Mesh networks have a wide variety of uses, although so far they have been limited mainly to niche sectors. They are used in home security, where they detect movement and relay information back to a central computer, and in supermarkets, where some companies use them to monitor refrigerator energy usage and temperature. They’ve also been deployed in hospitals to network medical equipment and information systems, and they’re used to keep the portable computers in police cruisers hooked into departmental networks.
The roadcasting software has been released into the open source community, which means anyone – even GM’s competitors – can try to find commercial uses for roadcasting. And the project members – all of whom graduated and have jobs – are enthusiastic about the response the project has received so far.
“It’s been great,” says Whitney Hess, one of the project’s leaders. “We’re all looking at ways to improve the [software], but we’re most excited to see what the open-source community does with our ideas.”
And, as with any digital music-sharing technology, licensing rights are also an issue. The project developers are fairly confident that they’re operating within the current law.
“As far as licensing, we called BMI several times,” says Hess. “I’m under the impression that if our sponsor were to employ this for commercial use, there’d be a BMI fee.”
BMI is one of two licensing organizations which, in part, collects and pays out royalty fees to songwriters, composers, and music publishers.
A spokeswoman for the Recording Industry Association of America, the trade organization for the major record labels, declined to comment on copyright issues raised by roadcasting.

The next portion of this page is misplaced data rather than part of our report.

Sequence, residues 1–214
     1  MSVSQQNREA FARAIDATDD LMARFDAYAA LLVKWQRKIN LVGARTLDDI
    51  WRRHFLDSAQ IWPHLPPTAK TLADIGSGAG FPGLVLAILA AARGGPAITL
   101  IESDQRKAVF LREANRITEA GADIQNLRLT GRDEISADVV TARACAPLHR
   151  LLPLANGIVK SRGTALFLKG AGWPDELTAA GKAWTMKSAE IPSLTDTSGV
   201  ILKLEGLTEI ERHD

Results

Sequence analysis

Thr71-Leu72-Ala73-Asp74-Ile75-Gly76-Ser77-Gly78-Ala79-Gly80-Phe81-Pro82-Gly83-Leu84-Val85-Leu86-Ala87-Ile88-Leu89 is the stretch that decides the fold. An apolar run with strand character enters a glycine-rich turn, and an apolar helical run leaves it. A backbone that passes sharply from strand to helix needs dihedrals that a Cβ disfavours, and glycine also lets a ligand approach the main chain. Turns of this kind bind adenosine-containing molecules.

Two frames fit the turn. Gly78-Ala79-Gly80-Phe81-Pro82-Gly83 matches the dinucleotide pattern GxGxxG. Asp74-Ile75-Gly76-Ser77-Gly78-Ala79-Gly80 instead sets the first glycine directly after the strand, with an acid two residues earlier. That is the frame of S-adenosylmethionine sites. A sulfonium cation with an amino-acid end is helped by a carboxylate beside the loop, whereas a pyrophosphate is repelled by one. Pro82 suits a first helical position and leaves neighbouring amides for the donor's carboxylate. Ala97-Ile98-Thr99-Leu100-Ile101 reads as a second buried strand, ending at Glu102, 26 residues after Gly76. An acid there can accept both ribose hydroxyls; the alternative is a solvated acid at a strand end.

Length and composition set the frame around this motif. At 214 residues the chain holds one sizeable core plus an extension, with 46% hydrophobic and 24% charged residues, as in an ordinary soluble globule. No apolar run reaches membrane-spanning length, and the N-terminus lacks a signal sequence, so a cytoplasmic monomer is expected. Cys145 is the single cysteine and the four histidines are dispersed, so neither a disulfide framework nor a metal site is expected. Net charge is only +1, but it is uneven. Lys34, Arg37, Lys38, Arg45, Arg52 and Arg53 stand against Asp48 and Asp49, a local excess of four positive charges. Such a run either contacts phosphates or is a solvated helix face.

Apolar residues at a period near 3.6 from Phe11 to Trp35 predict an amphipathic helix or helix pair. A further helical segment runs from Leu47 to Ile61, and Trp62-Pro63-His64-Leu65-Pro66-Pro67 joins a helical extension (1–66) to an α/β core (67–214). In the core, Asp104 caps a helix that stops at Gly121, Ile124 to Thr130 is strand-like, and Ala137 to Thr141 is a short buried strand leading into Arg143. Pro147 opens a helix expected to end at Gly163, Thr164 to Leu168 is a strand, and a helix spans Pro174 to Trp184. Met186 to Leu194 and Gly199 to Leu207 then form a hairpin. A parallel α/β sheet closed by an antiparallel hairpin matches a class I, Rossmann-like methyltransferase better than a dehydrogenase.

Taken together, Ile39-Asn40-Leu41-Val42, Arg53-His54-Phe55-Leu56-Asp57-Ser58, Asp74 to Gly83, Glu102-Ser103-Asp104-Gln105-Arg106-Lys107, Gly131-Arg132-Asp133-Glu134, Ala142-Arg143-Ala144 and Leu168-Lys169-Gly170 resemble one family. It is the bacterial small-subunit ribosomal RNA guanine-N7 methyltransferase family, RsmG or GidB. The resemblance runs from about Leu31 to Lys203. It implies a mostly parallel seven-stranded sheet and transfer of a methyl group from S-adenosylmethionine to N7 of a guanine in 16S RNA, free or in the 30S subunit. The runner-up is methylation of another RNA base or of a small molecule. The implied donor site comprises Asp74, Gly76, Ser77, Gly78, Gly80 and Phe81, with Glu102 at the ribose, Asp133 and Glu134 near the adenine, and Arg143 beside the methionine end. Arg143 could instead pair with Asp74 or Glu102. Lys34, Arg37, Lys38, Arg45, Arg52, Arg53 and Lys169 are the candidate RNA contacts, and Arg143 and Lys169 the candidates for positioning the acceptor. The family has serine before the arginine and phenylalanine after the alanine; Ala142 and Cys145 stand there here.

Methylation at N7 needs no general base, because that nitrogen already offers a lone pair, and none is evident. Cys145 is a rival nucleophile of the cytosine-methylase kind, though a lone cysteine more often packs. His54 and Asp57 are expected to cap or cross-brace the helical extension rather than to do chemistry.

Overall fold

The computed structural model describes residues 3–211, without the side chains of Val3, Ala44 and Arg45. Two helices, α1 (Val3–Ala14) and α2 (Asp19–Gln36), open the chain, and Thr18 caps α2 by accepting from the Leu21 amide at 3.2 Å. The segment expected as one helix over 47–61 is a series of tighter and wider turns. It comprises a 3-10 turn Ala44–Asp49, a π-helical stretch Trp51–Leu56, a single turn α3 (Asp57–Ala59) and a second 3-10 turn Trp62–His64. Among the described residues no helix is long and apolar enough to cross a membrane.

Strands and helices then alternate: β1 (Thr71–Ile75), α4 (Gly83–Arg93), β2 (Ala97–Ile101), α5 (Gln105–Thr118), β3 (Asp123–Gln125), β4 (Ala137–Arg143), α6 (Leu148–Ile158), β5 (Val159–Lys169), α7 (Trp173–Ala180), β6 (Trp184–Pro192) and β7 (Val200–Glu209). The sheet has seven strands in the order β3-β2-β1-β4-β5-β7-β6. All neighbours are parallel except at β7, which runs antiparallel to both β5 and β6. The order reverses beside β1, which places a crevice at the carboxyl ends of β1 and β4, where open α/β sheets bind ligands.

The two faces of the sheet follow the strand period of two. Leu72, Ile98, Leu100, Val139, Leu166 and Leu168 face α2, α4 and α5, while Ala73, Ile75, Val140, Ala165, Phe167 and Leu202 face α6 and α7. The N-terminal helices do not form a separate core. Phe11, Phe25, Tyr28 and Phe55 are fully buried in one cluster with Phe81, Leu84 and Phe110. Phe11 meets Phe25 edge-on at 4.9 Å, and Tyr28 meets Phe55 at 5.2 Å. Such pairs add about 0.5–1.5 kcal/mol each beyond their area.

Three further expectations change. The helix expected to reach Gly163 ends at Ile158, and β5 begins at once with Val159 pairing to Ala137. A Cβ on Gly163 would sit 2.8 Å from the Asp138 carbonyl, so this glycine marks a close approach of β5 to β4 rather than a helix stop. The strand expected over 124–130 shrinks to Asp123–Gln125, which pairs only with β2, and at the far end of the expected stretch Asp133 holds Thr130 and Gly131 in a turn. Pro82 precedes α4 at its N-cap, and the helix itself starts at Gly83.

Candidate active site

To be sure, amateur radio enthusiasts shouldn’t look for roadcasting plug-ins as an option on 2006 models; however, developers are already getting excited about potential uses.
“We based our project on the assumption that the mesh networking protocols would be no later than 2010,” says Megan Shia, another project manager.
As mesh networks continue to develop, more applications like roadcasting should become a reality. Jason Hill, CEO of JLH Labs, a mesh-networking company based in Capistrano, CA (and a 2003 Technology Review 100 Bold Young Innovator for his efforts in this field), says roadcasting exploits the potential of these networks.
“The mesh network sector is on the brink,” Hill says. “Two years ago, it was more in the experimental [stage]. But thanks to the rigorous engineering work, the networks are about ready to be deployed. And automobiles absolutely lend themselves to mesh networks.”